;;Orlando International Guitar and Music Expo If this were FX, we'd call them dorks, but rockers don't ever have that problem — they always get the chicks. For almost 20 years, the Orlando International Guitar and Music Expo has been crack for musical junkies. Whether it's a chance for thrashers-in-training to drool over the tools of their heroes (like a $30,000 Gibson ES335, the guitar synonymous with Chuck Berry and the Hall of Fame) or a guitar collector's nirvana (a $300,000 1958 Les Paul Goldtop, anyone?), this place is no mecca for bargain hunters. Rather, it's a lush six-stringed paradise for those who love to rock. (10 a.m.-6 p.m. Saturday, 10 a.m.-4 p.m. Sunday at Osceola Heritage Park, Kissimmee; $10; 321-697-3333;


;Mastodon/Converge/;Priestess This gig is all kinds of heavy. Mastodon's major-label debut is one of the most confounding, thudding pieces of plastic ever pushed by a multinational conglomerate. Converge's new disc, their sixth, is a stunning conflation of the group's primal punk roots and late-career sonic adventurousness. And the Canadians in Priestess deliver the swaggering '70s metal heft that everyone thought they heard in Wolfmother, but without the deplorable Zep quotations. Besides the fact that the three bands are exemplary representatives of the increasingly divergent hard rock/metal soundscape, there's not much else that links them, which makes for the kind of show we love to see. ;(7 p.m. at House of Blues; $15-$17; all ages; 407-934-2583)


;22nd Annual Blue Spring Manatee Festival So Orange City, quite possibly the most boring place on earth, has a boring annual festival to celebrate its gentle but boring hometown creature, the manatee. Arts and crafts are sold to raise funds for preservation organizations, and manatee lovers can gaze into the Blue Spring run on the St. Johns River to see the natives. (Swimming and snorkeling among them starts March 1.) Why the special attention? Because their numbers are dwindling, and that's because there are those who would find one and only one good reason to attend: Sea cows are totally delicious. Especially with a little steak sauce. ;(10 a.m.-5 p.m. Saturday and Sunday at Blue Spring State Park, Orange City; $6;


;John Mayer John Mayer may be the closest thing to a commercially viable walking contradiction in current pop culture. He's a chameleonic troubadour who's as at home writing intriguing music columns for Esquire as he is banging Jessica Simpson as he is jamming with Dave Chappelle and ?uestlove in a dynamite comedy skit. Mayer hangs with fellow prince-of-what-the-fuck Kanye; shares time on the small screen with CSI cast members and a silver VW bug; and churns out some of the lamest MOR adult-contemporary pop vomit ("Daughters," "Your Body Is a Wonderland"). Then he whips around to crank out a blues-trio album before peeling off a we're-totally-helpless-Gen-X-sheep-but-it's-cool anthem ("Waiting on the World to Change"). The floppy, curlicue hair and dazed expression are annoying, and the ease with which the dude transitions from one universe to the next irritates us. Still, we're enthralled because Mayer's zigzagging career profile could lead just about anywhere. (8 p.m. at Amway Arena; $39-$45; all ages; 407-849-2001)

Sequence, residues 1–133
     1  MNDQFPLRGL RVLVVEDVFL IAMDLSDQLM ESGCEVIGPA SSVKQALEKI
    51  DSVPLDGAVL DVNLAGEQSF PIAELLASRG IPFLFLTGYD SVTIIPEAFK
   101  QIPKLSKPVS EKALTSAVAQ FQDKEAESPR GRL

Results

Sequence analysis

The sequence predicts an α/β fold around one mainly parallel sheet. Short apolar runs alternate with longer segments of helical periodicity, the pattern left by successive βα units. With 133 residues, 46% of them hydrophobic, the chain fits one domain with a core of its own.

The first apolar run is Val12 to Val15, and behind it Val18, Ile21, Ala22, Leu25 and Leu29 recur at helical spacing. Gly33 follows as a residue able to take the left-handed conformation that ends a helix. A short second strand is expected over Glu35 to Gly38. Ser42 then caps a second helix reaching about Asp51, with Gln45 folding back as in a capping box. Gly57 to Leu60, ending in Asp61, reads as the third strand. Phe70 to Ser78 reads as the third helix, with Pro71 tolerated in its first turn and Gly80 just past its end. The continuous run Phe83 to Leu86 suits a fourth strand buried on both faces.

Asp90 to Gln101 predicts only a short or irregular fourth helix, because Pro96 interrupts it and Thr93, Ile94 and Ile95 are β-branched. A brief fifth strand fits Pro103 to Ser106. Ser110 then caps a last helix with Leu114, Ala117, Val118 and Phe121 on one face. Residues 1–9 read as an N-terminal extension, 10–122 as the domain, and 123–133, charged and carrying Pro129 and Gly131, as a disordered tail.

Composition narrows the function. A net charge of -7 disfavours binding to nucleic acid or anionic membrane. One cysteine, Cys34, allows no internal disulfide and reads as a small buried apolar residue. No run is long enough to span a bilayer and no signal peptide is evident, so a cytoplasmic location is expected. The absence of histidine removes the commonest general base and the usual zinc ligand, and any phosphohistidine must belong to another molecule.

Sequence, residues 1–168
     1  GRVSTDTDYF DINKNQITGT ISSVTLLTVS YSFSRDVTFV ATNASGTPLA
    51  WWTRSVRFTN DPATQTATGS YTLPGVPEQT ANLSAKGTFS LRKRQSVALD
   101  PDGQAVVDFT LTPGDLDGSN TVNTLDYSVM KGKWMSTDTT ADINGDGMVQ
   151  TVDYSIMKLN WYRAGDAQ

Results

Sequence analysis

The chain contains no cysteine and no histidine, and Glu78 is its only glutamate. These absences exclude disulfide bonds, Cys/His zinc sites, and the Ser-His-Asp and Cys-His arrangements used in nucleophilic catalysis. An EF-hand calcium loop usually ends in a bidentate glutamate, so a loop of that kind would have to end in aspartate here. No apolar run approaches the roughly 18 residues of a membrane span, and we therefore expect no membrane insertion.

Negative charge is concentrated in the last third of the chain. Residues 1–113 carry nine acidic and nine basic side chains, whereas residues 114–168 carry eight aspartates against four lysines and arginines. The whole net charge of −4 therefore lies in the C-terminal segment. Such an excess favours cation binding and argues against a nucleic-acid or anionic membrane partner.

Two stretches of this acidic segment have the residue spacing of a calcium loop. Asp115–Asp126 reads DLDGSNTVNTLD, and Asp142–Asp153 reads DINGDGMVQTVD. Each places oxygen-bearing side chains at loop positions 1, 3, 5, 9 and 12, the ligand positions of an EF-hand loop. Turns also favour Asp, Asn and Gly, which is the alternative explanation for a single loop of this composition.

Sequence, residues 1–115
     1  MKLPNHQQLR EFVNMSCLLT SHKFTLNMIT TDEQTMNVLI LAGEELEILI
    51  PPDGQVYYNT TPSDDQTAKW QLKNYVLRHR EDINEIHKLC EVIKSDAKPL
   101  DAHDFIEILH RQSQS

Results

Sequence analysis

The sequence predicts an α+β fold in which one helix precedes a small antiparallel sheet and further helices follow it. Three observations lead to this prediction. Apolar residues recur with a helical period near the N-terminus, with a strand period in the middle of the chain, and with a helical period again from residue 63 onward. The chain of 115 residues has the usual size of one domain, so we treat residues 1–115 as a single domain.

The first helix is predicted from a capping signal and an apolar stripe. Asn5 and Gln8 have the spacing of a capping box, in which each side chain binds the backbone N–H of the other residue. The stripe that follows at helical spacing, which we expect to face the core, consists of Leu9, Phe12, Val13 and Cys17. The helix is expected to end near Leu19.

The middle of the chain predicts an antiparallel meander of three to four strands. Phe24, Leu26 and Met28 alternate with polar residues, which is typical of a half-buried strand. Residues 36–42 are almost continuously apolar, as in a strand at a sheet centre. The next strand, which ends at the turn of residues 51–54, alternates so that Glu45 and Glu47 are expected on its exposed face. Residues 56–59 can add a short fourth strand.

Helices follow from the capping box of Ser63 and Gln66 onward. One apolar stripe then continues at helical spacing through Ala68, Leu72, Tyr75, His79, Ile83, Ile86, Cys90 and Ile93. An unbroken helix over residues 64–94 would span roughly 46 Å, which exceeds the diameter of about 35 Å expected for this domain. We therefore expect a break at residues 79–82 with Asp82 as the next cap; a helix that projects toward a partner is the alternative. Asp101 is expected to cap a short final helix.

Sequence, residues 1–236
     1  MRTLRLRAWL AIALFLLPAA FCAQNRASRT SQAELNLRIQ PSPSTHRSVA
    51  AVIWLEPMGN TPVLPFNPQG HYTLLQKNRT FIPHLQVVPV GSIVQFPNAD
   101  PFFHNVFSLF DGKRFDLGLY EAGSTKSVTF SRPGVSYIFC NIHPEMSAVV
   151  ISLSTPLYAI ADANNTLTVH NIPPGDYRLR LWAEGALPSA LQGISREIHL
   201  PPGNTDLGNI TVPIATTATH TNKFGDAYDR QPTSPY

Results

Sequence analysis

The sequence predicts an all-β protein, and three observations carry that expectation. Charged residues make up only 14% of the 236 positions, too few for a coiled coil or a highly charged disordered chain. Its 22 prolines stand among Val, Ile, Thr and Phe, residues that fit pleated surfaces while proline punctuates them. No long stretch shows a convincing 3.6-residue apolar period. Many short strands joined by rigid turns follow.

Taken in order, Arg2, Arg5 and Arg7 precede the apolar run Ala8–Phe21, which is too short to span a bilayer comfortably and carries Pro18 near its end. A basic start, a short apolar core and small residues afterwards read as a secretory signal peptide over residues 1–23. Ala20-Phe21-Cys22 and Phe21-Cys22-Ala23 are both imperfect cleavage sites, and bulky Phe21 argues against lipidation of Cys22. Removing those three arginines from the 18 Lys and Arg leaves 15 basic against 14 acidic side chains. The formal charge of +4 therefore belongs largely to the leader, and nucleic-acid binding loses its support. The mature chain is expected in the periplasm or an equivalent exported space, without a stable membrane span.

;;Yo La Tengo/Sam Rivers Trio On the face of it, this bill might seem completely revolutionary — a time-tested atmospheric indie-rock band and our very own avant-jazz legend Sam Rivers sharing a stage? Why, that's almost as crazy as Yo La Tengo covering a Sun Ra song or something! Oh, wait … they did that already ("Nuclear War"). Anything that brings together two audiences who, in theory, are open to "all kinds of music," but in practice, are buttonholed into their habits and haunts must be a good thing. (7 p.m. at the Social; $20; ;407-246-1419)




VietNam See our full CD review in Music this week. ;(with the Lemonheads; 8 p.m. at the Social; $15-$17; 407-246-1419)

; Contributors: Jeffrey C. Billman, Ray Cummings, Jason Ferguson, Jennifer Heimburg, Billy Manes, Brittany Middleton, Susie Orr, Lindy T. Shepherd